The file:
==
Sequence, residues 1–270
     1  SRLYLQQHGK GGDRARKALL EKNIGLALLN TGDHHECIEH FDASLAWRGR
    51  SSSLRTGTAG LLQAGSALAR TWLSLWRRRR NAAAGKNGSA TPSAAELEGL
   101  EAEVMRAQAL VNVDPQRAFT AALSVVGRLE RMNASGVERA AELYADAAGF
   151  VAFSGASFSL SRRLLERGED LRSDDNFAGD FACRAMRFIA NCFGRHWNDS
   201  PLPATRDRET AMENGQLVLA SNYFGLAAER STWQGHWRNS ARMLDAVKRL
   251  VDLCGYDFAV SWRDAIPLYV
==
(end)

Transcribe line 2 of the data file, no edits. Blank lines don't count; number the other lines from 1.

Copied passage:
     1  SRLYLQQHGK GGDRARKALL EKNIGLALLN TGDHHECIEH FDASLAWRGR